Rowing / Henley: Cracknell's new-look crew looking for grand finale: Quality of international opposition improves for Henley - Hugh Matheson looks forward to top-class rowing at Henley Regatta, starting today

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The Independent Online
THE HENLEY Royal Regatta begins today with the highlight of the week's racing taking place on Friday when the Grand Challenge Cup, the top two events for fours and sculling events, get under way.

Five eights from the top seven in the world are drawn in the Grand, with the new British crew, stroked since last week by James Cracknell, racing the French national eight on Saturday. The Australian squad, entered as Sykes RC, will put a young crew against the Dutch national eight on Friday, but the favourites are likely to be the Charles River and San Diego crew which finished third in the world last year as the United States.

Coached by Mike Spracklen, who until four years ago lived and worked in Marlow, the US crew are using Henley as a warm-up for the Lucerne Regatta.

In the past Lucerne has followed a week after Henley and few crews have been able to raise their game to race well twice in seven days. This year, and in future, there will be a two-week gap and a flood of international crews have taken the opportunity to enter Henley. In the Stewards' Cup for coxless fours, the French world champion crew will have to beat a Belgian boat in order to move on to race the winner of the meeting between a Swiss crew and Molesey, which is a revamped British squad four.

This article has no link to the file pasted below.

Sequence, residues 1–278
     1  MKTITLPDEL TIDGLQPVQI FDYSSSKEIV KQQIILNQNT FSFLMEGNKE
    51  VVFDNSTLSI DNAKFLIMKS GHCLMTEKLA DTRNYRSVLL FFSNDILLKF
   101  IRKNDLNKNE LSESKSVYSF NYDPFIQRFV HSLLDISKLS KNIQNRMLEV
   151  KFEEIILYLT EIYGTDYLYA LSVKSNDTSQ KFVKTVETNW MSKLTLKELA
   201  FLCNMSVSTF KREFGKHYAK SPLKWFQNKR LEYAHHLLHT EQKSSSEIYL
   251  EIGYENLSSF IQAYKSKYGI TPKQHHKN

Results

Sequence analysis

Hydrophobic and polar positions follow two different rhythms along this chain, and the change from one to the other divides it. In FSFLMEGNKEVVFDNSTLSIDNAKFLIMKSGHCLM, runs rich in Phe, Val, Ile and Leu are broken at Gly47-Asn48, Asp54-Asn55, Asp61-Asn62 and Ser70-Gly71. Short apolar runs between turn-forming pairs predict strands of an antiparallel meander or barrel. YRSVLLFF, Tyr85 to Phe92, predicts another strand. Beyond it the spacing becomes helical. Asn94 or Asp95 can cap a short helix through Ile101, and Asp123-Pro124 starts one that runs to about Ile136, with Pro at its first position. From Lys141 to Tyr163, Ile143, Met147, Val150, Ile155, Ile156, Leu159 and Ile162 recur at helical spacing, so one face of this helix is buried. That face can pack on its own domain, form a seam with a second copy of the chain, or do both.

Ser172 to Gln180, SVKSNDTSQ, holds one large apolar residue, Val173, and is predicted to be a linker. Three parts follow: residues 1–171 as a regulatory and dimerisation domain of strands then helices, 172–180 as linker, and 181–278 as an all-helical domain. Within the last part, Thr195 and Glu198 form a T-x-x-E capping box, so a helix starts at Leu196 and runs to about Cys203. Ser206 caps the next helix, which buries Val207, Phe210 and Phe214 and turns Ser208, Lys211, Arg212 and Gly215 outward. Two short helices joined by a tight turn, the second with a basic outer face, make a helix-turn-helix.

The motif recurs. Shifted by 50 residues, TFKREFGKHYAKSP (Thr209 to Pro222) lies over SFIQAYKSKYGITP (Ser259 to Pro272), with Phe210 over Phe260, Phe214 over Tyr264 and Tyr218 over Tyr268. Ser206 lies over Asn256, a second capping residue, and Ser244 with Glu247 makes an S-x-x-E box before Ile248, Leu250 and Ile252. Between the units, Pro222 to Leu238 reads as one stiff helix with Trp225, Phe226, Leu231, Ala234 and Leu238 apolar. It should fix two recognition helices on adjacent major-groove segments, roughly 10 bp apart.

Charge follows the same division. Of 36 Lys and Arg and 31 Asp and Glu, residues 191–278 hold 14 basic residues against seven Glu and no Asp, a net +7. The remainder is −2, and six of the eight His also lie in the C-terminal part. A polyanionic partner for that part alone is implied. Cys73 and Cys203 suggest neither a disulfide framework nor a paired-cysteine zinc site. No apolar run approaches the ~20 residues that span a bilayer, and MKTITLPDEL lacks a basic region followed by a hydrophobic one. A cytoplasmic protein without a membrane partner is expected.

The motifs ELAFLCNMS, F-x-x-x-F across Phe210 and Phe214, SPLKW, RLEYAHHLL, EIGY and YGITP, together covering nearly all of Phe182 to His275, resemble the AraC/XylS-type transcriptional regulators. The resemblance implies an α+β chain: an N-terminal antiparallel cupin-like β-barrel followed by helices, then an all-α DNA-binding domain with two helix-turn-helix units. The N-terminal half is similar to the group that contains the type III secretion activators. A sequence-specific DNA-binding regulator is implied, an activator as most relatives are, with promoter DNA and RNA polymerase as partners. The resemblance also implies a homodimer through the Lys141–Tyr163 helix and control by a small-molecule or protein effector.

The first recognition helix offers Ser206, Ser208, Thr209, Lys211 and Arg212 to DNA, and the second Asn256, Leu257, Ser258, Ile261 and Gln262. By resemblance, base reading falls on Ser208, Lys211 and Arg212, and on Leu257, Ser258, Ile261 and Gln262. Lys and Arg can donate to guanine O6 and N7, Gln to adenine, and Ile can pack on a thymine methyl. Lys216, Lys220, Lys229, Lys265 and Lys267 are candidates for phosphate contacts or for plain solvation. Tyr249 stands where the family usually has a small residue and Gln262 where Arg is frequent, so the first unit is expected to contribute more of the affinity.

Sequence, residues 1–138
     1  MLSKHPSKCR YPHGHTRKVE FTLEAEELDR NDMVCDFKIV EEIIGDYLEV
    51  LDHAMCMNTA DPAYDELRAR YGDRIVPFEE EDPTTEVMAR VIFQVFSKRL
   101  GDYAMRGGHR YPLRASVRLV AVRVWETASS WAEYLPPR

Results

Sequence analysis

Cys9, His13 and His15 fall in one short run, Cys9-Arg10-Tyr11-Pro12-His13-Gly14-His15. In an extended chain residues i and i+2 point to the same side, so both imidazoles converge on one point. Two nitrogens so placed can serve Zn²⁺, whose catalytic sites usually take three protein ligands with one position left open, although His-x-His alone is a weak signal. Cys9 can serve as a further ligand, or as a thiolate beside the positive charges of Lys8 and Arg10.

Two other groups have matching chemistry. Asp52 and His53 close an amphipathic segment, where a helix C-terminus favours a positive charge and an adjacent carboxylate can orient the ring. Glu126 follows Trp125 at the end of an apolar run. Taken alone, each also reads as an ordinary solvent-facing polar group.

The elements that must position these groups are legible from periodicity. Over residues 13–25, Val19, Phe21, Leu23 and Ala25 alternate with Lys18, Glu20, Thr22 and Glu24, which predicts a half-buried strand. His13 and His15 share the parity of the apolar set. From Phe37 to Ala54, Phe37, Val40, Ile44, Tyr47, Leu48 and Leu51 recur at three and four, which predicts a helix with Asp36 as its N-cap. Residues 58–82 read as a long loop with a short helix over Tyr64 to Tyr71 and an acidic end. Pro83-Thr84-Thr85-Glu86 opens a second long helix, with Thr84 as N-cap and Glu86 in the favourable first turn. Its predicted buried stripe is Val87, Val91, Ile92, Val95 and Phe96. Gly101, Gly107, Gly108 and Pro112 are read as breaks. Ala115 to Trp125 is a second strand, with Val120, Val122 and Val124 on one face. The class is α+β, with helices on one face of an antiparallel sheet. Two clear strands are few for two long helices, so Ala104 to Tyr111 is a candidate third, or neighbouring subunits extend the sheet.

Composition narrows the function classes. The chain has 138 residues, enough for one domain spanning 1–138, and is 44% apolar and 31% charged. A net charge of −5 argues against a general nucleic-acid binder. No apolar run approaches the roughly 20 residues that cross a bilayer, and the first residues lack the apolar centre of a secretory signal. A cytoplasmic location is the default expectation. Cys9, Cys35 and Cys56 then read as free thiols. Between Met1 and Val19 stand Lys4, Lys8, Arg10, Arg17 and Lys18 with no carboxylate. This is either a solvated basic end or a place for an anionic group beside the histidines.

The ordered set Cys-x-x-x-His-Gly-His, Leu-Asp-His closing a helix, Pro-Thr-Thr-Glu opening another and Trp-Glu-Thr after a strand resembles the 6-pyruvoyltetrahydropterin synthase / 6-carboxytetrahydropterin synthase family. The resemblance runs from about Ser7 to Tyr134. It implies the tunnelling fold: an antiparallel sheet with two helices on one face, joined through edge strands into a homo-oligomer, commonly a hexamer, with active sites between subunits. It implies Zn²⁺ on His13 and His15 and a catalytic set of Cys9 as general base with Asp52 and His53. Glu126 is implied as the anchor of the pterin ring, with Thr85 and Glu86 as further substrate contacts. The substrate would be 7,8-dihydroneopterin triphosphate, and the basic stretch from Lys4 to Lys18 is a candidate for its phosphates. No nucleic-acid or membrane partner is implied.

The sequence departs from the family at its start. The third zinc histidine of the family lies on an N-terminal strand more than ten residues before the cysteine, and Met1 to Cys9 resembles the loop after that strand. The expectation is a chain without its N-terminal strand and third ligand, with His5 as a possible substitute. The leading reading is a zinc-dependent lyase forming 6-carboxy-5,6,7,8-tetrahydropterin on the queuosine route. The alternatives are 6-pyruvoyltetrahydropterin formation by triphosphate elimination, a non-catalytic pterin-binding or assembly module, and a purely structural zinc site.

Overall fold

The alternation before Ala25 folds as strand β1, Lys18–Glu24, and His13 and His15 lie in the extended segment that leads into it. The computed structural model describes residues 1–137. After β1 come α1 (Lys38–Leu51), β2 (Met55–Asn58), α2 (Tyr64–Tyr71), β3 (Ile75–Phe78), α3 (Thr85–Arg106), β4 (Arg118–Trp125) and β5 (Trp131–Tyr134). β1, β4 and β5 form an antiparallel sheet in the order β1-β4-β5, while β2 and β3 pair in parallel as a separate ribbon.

Discussions are still going on between the stewards of the regatta and Jurgen Grobler, the British men's coach, over personnel changes for two of his crews. James Cracknell and Jim Walker transferred to the eight and Tim Foster and Rupert Obholzer came into the four alongside the Searle brothers. Grobler's decision is based on the experience of the eight and the four in Paris two weeks ago when the four flopped. Although his decision was pragmatic rather than forced upon him by injury, it would seem to be in the interest of Henley that he puts forward his best crews to ensure good racing. The international opposition are unlikely to complain of being tested too hard when the only point of coming here is to find out how fast a crew is before Lucerne, where most federations decide their selections for the World Championships.

The Goblets prize for coxless pairs has three top crews led by Steven Redgrave and Matthew Pinsent, world or Olympic champions since 1991, with last year's silver medallists, Detlef Kirchoff and Hans Sennewald, in the other half of the draw.

The Australian pair of Wayne Diplock and Eric Moore took an early bath during practice when they were sent under by the Atlantic City crew which emerged from the wrong arch of Henley Bridge. Diplock was scratched and bruised and their blades cracked and the pair have decided to concentrate on Lucerne.

The Thames Cup is one of five different events for eights offered by the stewards. Ranging downwards, in status and standard, from the Grand Challenge Cup which was first raced for in 1839, and is now the preserve of the top international crews.

The four other eights events are designed to achieve the peculiar English flavour of a rowing meeting which is Olympian at one end and the equivalent of a village cricket match at the other.